“Go hard or go home”. Those five words sum up what BH-sponsored rider Craig Gordon is all about. Few people on this planet are able to dig as deep as Craig when it comes to physical performance. “Gordo” would rather die than give up – and he almost did.
2006 was the year that Craig shot to fame in the world of extreme mountain bike racing. After training hard for more than a year, he travelled to the United States to challenge six-time winner Chris Eatough for the title of the 24 Hours of Adrenalin World Solo Championships. This race would be best described as the Le Mans of cycling. Over a period of 24 hours, participants have to complete as many laps as possible and whoever goes the furthest is crowned the World Champion of 24-hour solo racing.
The odds were in favour of Chris Eatough taking his seventh consecutive title. Backed by his support crew and his careful preparation Eatough was in a league of his own. Craig on the other hand, had qualified for the race by winning the Mont 24 Hour in Australia. Craig would normally compete in 24-hour races in a two-man team but his partner had tonsillitis so he ended up competing as a solo rider. Part of the winning prize was $3,000 towards representing Australia in the World Championships.
The race quickly became a duel between Craig and Eatough. After the first lap of the eight-mile course, they had left everyone in their dust. The two riders stayed close to each other throughout the day but Craig new that he would have a good chance of breaking away during the night. Whereas Eatough was traditionally a strong starter and a slow finisher, Craig liked to go extra hard at the end. As the night creped in Craig felt strong and decided to attack. Between the hours of 1 AM and 5 AM he created a gap of 49 minutes and ended up beating Eatough by one full lap.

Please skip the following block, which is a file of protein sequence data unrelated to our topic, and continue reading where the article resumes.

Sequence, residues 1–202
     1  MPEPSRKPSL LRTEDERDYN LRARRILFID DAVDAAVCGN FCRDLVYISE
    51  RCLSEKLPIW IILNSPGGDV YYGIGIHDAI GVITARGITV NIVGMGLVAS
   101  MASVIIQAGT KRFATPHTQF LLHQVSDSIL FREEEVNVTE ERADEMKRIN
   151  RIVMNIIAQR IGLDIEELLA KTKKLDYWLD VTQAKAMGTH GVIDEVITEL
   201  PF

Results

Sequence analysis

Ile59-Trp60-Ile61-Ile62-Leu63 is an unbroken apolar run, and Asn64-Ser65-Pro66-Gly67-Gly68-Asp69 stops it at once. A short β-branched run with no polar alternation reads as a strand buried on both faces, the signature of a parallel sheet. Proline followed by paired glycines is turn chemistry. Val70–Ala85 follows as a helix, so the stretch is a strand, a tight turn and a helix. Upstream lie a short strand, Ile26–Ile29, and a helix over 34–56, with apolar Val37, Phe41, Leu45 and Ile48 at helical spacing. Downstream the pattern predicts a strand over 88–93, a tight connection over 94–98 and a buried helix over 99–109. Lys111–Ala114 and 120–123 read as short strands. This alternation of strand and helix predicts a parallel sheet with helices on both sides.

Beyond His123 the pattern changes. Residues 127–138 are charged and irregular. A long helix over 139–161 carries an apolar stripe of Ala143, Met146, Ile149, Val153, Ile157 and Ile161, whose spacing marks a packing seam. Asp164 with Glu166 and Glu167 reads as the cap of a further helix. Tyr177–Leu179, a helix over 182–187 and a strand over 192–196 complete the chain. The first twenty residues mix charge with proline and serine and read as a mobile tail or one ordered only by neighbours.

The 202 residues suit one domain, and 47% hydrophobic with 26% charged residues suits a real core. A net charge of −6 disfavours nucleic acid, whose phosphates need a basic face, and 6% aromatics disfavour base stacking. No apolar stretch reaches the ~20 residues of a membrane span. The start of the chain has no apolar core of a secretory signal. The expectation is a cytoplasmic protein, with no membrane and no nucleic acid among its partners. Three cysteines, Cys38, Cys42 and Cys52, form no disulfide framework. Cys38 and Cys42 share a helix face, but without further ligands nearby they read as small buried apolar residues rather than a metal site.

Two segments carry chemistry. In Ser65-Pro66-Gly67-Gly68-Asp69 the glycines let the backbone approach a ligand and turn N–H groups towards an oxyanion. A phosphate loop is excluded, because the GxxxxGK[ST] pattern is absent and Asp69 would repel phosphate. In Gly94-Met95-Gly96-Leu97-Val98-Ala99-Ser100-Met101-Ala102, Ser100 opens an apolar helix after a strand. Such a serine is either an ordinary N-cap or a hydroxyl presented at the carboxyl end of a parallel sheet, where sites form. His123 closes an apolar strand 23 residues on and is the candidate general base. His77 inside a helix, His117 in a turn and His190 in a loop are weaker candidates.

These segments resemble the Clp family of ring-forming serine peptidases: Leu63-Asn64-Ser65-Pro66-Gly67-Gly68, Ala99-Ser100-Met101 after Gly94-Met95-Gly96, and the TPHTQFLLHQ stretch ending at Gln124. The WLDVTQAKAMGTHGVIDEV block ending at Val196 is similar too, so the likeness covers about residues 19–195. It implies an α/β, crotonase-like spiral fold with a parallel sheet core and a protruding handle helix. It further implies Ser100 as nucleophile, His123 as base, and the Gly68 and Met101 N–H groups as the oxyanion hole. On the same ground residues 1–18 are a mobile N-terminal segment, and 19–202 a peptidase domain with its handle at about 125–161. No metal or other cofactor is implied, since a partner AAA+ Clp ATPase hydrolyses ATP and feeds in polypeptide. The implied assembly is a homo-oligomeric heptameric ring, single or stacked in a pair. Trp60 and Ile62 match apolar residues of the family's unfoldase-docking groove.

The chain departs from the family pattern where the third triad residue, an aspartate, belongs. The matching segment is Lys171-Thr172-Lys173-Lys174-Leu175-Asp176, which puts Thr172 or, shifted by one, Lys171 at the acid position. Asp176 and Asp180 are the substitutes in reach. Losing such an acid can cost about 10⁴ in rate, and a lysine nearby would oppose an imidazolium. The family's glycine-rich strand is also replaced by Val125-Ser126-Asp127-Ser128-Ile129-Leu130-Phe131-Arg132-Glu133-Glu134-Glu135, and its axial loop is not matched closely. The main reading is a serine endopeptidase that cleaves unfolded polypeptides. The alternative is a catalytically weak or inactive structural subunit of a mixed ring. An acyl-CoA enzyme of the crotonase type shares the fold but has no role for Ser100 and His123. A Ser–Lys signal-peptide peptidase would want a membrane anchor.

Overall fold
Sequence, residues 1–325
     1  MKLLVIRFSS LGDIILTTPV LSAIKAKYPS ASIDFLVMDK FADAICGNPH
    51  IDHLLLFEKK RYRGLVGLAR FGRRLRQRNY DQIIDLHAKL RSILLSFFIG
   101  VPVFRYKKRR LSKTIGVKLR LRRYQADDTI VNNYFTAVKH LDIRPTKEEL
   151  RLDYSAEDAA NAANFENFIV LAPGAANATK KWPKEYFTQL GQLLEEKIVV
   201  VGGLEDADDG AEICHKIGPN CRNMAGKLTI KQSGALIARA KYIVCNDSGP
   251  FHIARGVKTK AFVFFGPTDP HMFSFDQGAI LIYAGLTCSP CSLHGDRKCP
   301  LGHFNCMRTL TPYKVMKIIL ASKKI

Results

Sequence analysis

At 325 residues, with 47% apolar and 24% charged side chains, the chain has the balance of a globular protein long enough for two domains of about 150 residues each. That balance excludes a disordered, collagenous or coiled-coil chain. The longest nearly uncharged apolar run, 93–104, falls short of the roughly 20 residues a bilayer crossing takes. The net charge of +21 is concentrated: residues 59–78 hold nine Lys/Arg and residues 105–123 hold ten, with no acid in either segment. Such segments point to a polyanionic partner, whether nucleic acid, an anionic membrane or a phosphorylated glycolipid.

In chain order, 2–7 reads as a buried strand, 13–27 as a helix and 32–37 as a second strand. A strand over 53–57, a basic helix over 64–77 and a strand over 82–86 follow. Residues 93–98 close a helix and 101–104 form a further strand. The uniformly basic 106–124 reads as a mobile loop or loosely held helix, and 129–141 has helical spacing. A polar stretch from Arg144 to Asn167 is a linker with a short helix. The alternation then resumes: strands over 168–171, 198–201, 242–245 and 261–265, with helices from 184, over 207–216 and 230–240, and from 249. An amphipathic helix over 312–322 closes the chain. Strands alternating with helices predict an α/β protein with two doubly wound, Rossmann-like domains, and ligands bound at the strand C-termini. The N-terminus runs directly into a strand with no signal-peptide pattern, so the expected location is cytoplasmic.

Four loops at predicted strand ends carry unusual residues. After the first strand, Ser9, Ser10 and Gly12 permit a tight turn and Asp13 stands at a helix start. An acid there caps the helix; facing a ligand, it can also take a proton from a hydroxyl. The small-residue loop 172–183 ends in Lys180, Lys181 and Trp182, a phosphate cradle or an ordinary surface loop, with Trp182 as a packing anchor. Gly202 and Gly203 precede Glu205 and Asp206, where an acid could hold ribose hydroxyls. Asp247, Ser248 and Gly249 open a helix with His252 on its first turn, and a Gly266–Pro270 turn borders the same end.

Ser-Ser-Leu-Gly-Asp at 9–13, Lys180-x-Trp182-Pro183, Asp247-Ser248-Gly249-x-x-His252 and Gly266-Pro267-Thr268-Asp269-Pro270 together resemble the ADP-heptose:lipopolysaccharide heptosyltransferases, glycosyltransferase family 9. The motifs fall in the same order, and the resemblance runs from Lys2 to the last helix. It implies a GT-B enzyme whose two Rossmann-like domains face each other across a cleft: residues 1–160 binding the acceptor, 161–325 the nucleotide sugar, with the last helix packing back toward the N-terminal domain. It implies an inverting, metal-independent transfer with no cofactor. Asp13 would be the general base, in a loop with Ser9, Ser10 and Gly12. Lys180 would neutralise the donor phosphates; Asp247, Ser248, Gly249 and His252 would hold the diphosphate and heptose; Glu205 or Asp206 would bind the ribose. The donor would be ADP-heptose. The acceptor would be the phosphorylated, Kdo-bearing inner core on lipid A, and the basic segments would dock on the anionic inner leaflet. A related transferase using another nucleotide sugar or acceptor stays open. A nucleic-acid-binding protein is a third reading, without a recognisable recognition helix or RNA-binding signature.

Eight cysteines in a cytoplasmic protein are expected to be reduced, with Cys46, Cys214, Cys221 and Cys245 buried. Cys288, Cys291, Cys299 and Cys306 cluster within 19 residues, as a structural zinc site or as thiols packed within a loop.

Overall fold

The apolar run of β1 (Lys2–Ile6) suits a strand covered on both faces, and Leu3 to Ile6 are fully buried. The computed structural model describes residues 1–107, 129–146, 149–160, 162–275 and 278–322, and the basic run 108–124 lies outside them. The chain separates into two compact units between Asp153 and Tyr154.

However, during the early morning hours Craig’s body started to act up. Any bumps on the path would send an immense pain through his calf and Craig was having a hard time managing the pain. On his final lap, Craig got off the bike and started walking. His body temperature dropped and he had to sit down for a while to deal with his damaged calf. Finally, he got back on the bike and rode to the finish line, using only one leg.
Craig had won the race but there was no time to celebrate. Instead he was rushed to hospital where he underwent 48 hours of dialysis. He was diagnosed with rhabdomyolysis, a condition that is caused when muscles are damaged to a point where the muscle cells are released into the blood stream, thus leading to kidney damage and potential kidney failure.
After the race, Chris Eatough concluded that this had been his best 24-hour race to date, however it was hard to compete with Craig’s willingness to push himself to the extreme.
How it all came about
Craig grew up in the Blue Mountains in NSW, and like most kids, he loved riding his bike. BMX was his bike of choice in the early years, and his determination to ride fast was evident from a young age. In his early years Craig even saved up to buy a top of the range Diamondback for $800. However, like most kids, cycling didn’t survive his teenage years, with distractions such as girlfriends, parties and hanging out with mates getting in the way. It wasn’t until Craig completed his apprenticeship as a fitter that he truly found cycling.